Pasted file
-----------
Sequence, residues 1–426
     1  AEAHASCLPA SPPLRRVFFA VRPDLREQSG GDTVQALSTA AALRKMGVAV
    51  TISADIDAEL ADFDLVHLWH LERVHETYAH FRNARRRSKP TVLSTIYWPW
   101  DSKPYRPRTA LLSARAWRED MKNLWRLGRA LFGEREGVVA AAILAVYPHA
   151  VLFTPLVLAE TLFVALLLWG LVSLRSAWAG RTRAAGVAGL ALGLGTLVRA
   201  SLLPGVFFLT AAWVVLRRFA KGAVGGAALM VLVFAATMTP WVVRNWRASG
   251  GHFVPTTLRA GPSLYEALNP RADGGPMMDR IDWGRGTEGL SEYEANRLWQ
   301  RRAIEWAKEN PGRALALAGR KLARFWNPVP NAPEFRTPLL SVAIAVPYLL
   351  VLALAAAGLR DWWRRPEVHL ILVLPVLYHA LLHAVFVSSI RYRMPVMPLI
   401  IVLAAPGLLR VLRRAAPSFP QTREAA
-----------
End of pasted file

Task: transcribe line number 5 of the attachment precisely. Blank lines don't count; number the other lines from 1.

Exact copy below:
   151  VLFTPLVLAE TLFVALLLWG LVSLRSAWAG RTRAAGVAGL ALGLGTLVRA